Trump's decision to exit nuclear deal amplifies widespread anger in Iran


He will then go to Brussels to meet counterparts from Germany, Britain and France "about the fate of the nuclear deal", Iranian state television said.

White House National Security adviser John Bolton said US sanctions on European companies that maintain business dealings with Iran were "possible", but Secretary of State Mike Pompeo said he remained hopeful Washington and its allies could strike a new nuclear deal with Tehran.

The head of the influential Revolutionary Guards, Mohammad Ali Jafari, said: "I hope recent events will lead us to end our trust in the West and the Europeans".

We are gonna work with all of the Europeans.

In a live press statement in Rome on Tuesday, Mogherini slammed U.S. President Donald Trump's decision to ditch the deal, vowing that "the European Union is determined to preserve it".

Iran has claimed its nuclear program is for civilian purposes and denies supporting extremists in the region.

“If you look at the advances that Iran has made under cover of this agreement, it's conventional military and terrorists advances in Iraq, in Syria, in Lebanon, in Yemen since 2015, Iran was really on the march.

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Responding to a question, Bolton said that the leadership of the previous Obama administration lied to the American people. On Saturday, French President Emmanuel Macron told Trump in a telephone call that he was anxious about stability in the Middle East, according to Macron's office.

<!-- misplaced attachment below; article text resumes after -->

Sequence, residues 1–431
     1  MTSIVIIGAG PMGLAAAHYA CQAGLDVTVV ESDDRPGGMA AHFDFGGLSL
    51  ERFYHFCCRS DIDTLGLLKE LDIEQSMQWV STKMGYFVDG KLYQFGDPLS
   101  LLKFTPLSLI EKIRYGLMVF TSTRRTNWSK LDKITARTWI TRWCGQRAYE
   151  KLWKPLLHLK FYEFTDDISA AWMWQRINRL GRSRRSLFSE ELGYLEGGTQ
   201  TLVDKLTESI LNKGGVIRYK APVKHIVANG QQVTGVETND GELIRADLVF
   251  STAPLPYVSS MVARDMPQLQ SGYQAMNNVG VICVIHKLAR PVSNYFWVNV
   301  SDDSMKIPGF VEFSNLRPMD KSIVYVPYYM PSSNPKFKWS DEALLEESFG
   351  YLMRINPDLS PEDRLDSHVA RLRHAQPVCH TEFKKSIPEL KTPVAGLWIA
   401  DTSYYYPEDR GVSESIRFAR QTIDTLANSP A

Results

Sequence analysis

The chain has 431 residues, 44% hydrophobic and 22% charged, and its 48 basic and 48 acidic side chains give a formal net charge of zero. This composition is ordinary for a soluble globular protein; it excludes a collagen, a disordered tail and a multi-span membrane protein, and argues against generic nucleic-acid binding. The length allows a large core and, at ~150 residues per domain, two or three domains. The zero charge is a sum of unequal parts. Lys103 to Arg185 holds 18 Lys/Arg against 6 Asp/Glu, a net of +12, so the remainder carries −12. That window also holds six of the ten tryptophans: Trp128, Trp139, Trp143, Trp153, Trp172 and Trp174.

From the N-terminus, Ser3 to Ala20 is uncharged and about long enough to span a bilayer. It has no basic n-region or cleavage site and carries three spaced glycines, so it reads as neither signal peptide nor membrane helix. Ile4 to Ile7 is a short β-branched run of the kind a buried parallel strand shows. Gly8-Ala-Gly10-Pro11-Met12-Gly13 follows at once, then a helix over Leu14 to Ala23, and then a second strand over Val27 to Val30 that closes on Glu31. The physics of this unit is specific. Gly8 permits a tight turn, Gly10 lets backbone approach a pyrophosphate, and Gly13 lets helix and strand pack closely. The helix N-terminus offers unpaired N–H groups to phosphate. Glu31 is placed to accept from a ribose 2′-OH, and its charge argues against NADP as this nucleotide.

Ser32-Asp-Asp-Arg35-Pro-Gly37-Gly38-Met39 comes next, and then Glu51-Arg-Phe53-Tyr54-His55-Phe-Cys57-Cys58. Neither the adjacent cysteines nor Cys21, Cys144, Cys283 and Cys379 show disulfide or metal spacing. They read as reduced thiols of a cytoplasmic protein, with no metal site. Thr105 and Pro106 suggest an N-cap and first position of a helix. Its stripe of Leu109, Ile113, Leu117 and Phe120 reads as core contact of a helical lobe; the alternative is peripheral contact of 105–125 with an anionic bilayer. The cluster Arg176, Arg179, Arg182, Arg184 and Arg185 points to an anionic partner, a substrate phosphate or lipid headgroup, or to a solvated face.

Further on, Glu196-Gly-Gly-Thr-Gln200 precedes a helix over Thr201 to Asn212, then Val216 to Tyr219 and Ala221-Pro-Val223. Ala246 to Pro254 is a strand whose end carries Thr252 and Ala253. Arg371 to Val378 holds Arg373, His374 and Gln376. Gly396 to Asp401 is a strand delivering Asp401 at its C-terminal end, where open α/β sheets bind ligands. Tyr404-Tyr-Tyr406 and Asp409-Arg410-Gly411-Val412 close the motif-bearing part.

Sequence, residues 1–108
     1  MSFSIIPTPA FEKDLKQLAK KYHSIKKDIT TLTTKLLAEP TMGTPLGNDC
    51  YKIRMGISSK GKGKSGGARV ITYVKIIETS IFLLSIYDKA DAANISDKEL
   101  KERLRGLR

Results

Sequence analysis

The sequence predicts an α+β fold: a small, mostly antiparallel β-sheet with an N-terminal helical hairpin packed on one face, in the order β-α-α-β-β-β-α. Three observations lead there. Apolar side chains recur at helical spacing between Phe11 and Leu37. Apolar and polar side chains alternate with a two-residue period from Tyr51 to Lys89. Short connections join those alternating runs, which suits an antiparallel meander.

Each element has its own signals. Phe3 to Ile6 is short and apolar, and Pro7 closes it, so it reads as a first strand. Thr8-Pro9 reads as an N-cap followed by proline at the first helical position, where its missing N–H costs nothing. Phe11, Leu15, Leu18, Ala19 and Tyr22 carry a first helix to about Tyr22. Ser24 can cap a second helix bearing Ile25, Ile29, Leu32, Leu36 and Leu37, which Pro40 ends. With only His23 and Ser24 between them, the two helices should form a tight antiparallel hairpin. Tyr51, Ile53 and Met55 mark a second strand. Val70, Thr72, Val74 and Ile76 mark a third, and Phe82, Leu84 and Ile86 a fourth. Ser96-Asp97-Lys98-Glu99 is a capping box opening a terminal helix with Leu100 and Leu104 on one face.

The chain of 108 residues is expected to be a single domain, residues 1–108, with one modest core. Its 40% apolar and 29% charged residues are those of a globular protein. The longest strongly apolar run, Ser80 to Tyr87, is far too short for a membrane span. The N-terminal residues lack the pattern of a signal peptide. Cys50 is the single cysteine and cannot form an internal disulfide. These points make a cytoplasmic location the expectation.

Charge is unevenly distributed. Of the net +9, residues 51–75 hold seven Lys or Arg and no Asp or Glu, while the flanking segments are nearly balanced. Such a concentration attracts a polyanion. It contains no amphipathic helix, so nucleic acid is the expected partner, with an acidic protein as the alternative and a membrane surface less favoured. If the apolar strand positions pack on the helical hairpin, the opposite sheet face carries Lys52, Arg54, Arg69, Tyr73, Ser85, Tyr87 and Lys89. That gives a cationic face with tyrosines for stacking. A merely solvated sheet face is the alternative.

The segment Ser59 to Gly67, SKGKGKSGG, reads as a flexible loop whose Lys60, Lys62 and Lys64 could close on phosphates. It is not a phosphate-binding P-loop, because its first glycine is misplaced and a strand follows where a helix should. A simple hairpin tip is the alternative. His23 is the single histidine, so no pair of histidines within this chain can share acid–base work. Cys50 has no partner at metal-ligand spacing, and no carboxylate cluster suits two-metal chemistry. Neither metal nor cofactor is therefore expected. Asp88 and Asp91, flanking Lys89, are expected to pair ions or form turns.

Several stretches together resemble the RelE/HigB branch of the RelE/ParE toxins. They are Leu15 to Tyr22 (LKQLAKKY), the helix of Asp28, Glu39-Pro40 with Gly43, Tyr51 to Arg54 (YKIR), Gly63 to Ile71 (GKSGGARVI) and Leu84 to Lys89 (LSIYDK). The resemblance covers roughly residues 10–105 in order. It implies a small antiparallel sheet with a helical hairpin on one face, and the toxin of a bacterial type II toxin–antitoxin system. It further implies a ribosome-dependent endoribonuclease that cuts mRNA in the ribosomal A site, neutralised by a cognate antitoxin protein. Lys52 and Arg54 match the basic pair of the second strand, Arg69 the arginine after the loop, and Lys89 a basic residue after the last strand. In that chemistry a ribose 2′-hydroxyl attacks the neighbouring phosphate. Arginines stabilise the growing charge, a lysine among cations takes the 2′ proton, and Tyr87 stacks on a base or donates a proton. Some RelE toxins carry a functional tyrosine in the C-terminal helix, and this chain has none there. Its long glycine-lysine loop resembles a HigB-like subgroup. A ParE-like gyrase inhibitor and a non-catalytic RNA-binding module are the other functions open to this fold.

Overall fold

Simultaneously, the country would make preparations to restart its programme of nuclear enrichment, he added, as per CNN.

Japan, for its part, has joined the European signatories in the Iran deal in condemning the U.S. President's decision.

Following his meeting with Zarif on Sunday, China's foreign minister said Beijing would "work to maintain the [nuclear] deal", state news agency Xinhua reported.

Russian Federation has also criticised Trump's decision, with Kremlin spokesperson Dmitry Peskov alleging the move was "protectionism in disguise", in comments made on Thursday to state news agency TASS.

Germany, France and Britain were three of the six signatories to the 2015 pact which saw sanctions lifted in return for the commitment by Tehran not to acquire nuclear weapons. Iranian Foreign Minister Javad Zarif sets off on Saturday for talks in China, Russia and Europe to see what can be salvaged.